When we compared this to another client with a much better site design, their single interaction conversion value was only 35% of total revenue. 2 or more interactions? 64.98% of revenue. More alarmingly this industry has a shorter purchase decision cycle meaning they have a built in handicap!

What is happening here? People come to a site as part of the buying and comparison process and you lose. And lose. And Lose. Pretty much every time.

2. You are not remarketing properly

A common misconception is that remarketing leads to a lot of last interaction conversions and sales. Ie people see the remarketing ad, think to themselves ‘oh of course, I’m going to buy something from these guys.. and then trundle off to your website an buy stuff.

Yes it does happen sometimes but what is more common is that remarketing fills up the gaps in the consumer buying path.

In a Think with Google study it was found that the average searches conducted prior to making a purchasing was 12.

Average Searches Conducted Prior to Engagement

That’s right, 12! If you take a step back and think about it, that means someone who starts their purchase journey will on average do another 12 searches before they make a decision to buy.

Most business owners I meet feel that the way Organic or Paid search works is that someone searches and clicks on a free or paid listing, then goes on to purchase. Think about how many times you have done this?

I challenge you to remember the last time to clicked an ad and bought a product. In fact if you think about the last few things you purchased online, most purchases would have been a result of several interactions, whether you are aware of it or not.

But the numbers as we know tell us a different story. So what is the best way to stay top of mind and consistently in the decision process? Remarketing of course but you need to do the right type of remarketing.

To do it properly you should be exploring and testing all types of remarketing options available:

Search Remarketing:

The first thing most people think about when remarketing is mentioned is display. However Search remarketing is extremely powerful and allows you to stay in those 12 searches consumers make prior to making a decision.

Display Remarketing

It’s almost a given that you should be doing display remarketing. filling the touch points and complementing your search, content and search remarketing strategies is an absolute must. Now with the ability to upload your marketing list into the display network for retargeting, its not just new customers you are marketing to, but existing ones who will come back and purchase again.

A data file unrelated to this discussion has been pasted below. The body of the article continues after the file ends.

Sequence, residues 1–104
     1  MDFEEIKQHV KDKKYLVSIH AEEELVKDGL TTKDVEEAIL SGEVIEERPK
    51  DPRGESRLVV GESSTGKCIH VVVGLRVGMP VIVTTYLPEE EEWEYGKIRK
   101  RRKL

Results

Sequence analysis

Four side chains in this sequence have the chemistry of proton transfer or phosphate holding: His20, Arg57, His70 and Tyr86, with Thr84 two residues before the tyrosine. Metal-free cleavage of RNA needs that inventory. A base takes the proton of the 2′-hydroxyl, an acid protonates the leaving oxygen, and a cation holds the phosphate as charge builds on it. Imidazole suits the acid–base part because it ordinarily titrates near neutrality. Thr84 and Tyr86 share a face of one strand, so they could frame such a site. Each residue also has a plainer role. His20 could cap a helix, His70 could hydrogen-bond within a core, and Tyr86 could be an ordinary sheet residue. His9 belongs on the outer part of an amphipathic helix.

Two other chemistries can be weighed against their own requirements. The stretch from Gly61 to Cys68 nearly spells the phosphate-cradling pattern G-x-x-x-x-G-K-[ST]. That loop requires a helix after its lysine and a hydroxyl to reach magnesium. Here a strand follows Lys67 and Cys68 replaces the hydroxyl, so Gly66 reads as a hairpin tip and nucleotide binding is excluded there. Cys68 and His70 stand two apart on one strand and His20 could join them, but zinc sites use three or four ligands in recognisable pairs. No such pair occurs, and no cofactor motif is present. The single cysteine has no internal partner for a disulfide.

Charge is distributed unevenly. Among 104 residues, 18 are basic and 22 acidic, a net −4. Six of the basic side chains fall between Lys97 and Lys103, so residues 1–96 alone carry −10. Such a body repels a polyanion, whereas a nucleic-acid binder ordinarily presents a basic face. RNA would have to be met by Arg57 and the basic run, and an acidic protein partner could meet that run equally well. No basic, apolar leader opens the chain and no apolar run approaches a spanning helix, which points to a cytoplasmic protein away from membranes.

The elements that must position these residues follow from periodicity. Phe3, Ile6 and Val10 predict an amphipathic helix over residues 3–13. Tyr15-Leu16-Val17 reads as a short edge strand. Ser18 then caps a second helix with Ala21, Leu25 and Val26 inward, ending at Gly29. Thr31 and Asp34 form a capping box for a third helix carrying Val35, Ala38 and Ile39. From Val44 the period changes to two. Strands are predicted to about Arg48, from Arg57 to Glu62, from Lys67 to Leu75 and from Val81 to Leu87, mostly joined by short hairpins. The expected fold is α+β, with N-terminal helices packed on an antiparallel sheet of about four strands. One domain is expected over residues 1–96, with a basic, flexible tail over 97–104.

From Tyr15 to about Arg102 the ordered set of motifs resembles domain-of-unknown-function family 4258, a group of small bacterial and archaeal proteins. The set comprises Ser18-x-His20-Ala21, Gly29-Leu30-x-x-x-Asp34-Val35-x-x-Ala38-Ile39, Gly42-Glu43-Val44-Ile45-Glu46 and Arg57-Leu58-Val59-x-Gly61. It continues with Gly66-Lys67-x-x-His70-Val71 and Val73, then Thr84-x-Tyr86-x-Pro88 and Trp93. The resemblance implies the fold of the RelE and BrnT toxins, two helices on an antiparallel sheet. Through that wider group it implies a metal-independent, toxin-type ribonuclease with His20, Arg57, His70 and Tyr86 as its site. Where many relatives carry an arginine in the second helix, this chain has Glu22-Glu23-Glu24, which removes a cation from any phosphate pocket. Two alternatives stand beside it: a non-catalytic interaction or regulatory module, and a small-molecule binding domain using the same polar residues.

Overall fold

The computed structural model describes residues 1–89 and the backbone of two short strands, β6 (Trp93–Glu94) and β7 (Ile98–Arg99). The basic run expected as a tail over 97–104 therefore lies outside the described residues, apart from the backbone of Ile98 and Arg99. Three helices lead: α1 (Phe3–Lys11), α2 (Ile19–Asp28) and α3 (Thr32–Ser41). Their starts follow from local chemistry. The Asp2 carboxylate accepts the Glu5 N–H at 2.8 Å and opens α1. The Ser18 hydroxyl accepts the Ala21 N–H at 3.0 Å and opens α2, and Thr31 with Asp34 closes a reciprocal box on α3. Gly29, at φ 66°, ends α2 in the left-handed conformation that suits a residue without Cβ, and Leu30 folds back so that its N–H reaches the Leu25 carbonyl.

Social Remarketing

Whether it be Twitter or Facebook, remarketing in social networks again keeps you in the loop and supplements your other marketing activities perfectly. It’s rare that social remarketing will lead directly to a conversion or sale, but is absolutely fills up the purchase decision phases.

Ignoring the 3 remarketing activities above will mean shorter paths to purchase as you are simply not ‘filling the gaps’.

3. You have neglected social

I have to admit, I initially disregarded social as a channel and felt it was utterly useless. Why? Well unlike search, it was highly unlikely to yield quick, direct results for many of my clients so it didn’t particularly interest me.

What was interesting through was that whenever I ran social I did notice an uplift in traffic and eventually sales through direct, organic and paid channels not associated directly with social. Since the data was telling me social did very little, I could never say it was causal to the improved performance.

That was until we had access to the top purchase paths report. We saw social interactions forming a busy part of conversion paths where there were 3 or more interactions. Very rarely was it the last interaction, but it did pay a significant role in the process on a holistic level.

If you have neglected social, whether it be direct or remarketing, you are costing yourself conversions across more complex conversions paths and that is a fact. Even if you don’t want to take my word for it the research is now shedding even more light on its role.

Google recently released some industry data about purchase paths across industry and channel. The findings are eye opening when it comes to all channels but especially that of social:

social channel paths to purchase

The data from the study show 16% of the time, social was at the end of purchase journey (hence why your last interaction conversions are terrible for social!). Almost half the time social sat at the beginning or in the middle and hardly ever at the end. In fact in some industries it is only at the start or the middle and has virtually zero influence at the end of the path the purchase.

If you are not seeing social littered at the start or as part of your purchase path then you are not effectively utilising it and really should be incorporating it into your marketing mix.

Put  the bad (conventional, last interaction) conversion data to the side for now and look at social as a more long term, multi touch channel facilitating a users path to purchase your product and service.


The top conversion paths report is probably one of the most fascinating reports that is easily accessible in Google Analytics. Utilising interactions from multi-channels, use it to understand how your users are leading to conversions but also look at what it is telling you outside of the data.

It tells a complete and rewarding story about your site and your users.